This week’s post is a guest blog written by my apprentice Noushin Bayat. Noushin has tremendous experience working in organizational development and culture change. In this piece, she shares her fresh thinking around “Be Leadership.” She points to how leadership is an innate state within each one of us that is right there when we loosen our identification with our thoughts and experience our natural state.
The words “leader” and “leadership” have a certain mystique about them as if they are reserved for those special people who somehow qualify, through the right education or expertise, to lead us to better times. But in reality, leadership is an internal state of mind that’s available to all of us, regardless of our personal and professional roles. We are built to lead through the harshest circumstances ever imaginable. We are built to be resilient and figure things out. We are built to collaborate with others to find the most creative solutions to our most stark challenges. Yet every day, I see people from all walks of life who innocently forget this innate capability and allow their agitated thoughts (their insecurities, frustrations, anxieties, judgments…) to choke their sense of power and wellbeing. The complexities and challenges we currently face in the world are demanding us to BE LEADERSHIP regardless of the positions we have in our organizations, regardless of whether or not we feel offended or betrayed, regardless of what we think about our own capabilities, regardless of what we think, period.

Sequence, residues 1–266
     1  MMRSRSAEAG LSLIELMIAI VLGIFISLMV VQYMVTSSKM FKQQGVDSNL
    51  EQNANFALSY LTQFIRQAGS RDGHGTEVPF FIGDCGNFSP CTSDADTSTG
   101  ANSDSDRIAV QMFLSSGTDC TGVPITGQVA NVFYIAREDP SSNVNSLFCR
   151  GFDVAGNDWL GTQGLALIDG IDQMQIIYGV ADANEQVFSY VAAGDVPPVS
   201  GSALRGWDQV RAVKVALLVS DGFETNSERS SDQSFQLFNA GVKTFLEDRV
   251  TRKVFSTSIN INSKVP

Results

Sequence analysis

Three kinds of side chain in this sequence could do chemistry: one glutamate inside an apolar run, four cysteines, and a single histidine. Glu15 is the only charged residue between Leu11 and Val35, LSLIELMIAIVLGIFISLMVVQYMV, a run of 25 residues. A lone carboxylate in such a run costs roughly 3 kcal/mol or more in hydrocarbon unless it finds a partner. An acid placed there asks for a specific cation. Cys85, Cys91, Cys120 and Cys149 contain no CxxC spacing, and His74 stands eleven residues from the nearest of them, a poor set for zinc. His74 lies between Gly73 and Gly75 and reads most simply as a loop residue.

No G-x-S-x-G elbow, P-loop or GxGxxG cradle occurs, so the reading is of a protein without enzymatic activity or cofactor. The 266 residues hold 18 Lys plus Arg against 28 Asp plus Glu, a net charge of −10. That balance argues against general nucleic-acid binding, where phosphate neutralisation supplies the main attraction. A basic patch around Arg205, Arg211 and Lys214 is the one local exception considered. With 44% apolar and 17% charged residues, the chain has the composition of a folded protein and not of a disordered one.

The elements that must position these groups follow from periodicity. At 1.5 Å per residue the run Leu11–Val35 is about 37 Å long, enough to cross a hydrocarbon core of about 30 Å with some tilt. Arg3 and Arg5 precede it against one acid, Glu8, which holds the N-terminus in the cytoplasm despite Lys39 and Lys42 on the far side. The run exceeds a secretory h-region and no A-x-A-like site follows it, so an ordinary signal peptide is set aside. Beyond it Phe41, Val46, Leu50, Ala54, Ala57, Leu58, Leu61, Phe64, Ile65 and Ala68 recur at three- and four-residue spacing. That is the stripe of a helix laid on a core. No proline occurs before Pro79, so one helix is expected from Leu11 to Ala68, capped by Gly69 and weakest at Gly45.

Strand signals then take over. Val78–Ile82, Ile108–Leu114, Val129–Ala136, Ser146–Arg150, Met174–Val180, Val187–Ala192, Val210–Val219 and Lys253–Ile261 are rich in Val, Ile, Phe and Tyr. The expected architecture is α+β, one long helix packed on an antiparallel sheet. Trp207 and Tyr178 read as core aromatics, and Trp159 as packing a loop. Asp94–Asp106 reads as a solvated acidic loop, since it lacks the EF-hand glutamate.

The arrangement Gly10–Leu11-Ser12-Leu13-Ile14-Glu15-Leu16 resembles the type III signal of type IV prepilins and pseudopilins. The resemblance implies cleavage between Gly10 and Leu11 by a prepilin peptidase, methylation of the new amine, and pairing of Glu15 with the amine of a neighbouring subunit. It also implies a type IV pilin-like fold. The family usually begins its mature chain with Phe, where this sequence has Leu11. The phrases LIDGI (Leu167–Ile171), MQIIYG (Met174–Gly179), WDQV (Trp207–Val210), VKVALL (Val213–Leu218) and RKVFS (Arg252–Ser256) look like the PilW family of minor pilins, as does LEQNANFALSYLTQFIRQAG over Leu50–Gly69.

Over the course of history, we’ve attached different conditions for entry to the rarified role of leader or leadership. It used to be that only the tough and masculine could be leaders of their countries or armies. And in business terms, it was the charismatic leader who was somehow born with innate leadership qualities that demanded respect and followership. Most recently, it’s been about being the kind of leader who inspires others to be their best. Training programs on supporting executives to learn the skills of Transformational Leadership, Servant Leadership, Authentic Leadership, Conscious Leadership, Embodied Leadership, Distributive Leadership, Entrepreneurial Leadership, Complexity Leadership, Systems Leadership, Feminine Leadership or Situational Leadership abound business literature.
Though there’s something great to learn from all these programs, they all assume that there are skills and theories to be learned and practiced. And if we do them right, then we can become the inspiring leader who would lead the organization to great heights. Although billions of dollars are spent annually on these types of skills training programs, studies continue to show that organizations doubt their leadership pipeline’s competency to meet current challenges.
The freedom to BE LEADERSHIP is available to each of us at all times, and goes beyond improving our psychology of success with positive beliefs, affirmations, and skills; and goes beyond tackling or understanding our personalities and learning the skills to be bolder, more confident, more compassionate or more assertive. To BE LEADERSHIP is about knowing that there is a source of intelligence, wisdom, and creativity that is always available to us, beyond what we think we know. This innate source of leadership and wisdom becomes more accessible when we loosen our grasp on the rightness of our thoughts, and when we stop worshipping our thoughts as if they are a 100% accurate assessment of our reality. To BE LEADERSHIP is about knowing that having agitated thoughts is part and parcel of the grand design of being human. These agitated thoughts determine our moods and tend to kick in at various times throughout the day to judge and label ourselves and others, and to create concepts and ideas about our capabilities, our personalities and the severity of our situations. This is a natural part of being human.